Last week I attended a meeting of Latino business leaders, convened by the White House, to discuss how the broadband industry can grow the jobs of the future in the Latino community.
We often hear about an emerging skills gap in America and the urgent need for more graduates in the science, technology, engineering, and math (STEM) fields. Business leaders recognize that to help address this challenge, particularly in the technology sector, broadband Internet access is a priority. Another key to growing a technology-skilled workforce is tackling the broadband adoption gap in the Latino community. NTIA’s research shows that only 57 percent of Hispanic households had broadband service in 2010, which significantly lags behind the national rate. Even when adjusting for socioeconomic factors, like income and education, Hispanic households still trail White households in broadband adoption by 11 percentage points.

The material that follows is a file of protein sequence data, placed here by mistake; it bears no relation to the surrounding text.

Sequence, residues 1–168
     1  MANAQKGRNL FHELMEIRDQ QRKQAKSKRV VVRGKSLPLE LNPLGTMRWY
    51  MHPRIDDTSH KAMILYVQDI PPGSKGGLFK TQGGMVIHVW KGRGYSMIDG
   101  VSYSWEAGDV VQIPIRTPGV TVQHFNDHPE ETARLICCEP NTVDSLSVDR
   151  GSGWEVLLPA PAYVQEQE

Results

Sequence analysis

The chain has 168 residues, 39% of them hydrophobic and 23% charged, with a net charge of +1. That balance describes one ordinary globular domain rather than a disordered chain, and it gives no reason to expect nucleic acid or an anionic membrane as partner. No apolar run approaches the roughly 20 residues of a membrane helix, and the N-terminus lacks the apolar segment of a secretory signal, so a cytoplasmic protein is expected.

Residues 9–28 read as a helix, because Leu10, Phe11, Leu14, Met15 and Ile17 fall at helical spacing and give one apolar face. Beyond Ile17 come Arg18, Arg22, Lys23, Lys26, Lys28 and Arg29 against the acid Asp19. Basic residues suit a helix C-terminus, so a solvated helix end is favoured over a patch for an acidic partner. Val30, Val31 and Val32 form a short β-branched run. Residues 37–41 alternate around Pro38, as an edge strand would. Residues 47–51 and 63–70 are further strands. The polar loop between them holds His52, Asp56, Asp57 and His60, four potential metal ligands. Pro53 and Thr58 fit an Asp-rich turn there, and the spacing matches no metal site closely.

To encourage the next generation of computer programmers and information technology workers – and to help today’s workers better compete – broadband access at home and in schools is a vital first step. To help tackle this issue, NTIA is vigorously overseeing approximately 230 broadband projects nationwide. These projects, funded by the Recovery Act, are deploying new and upgraded broadband networks, extending broadband access to schools and other community anchor institutions, upgrading and expanding public computer centers, and providing free computer and job training for residents.